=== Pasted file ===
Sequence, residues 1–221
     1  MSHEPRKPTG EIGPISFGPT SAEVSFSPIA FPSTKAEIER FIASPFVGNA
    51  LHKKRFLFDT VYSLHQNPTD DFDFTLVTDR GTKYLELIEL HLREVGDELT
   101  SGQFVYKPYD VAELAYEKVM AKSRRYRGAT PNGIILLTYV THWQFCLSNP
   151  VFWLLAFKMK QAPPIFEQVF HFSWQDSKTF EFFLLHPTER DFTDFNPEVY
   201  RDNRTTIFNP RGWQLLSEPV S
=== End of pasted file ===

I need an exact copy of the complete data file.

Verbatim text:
Sequence, residues 1–221
     1  MSHEPRKPTG EIGPISFGPT SAEVSFSPIA FPSTKAEIER FIASPFVGNA
    51  LHKKRFLFDT VYSLHQNPTD DFDFTLVTDR GTKYLELIEL HLREVGDELT
   101  SGQFVYKPYD VAELAYEKVM AKSRRYRGAT PNGIILLTYV THWQFCLSNP
   151  VFWLLAFKMK QAPPIFEQVF HFSWQDSKTF EFFLLHPTER DFTDFNPEVY
   201  RDNRTTIFNP RGWQLLSEPV S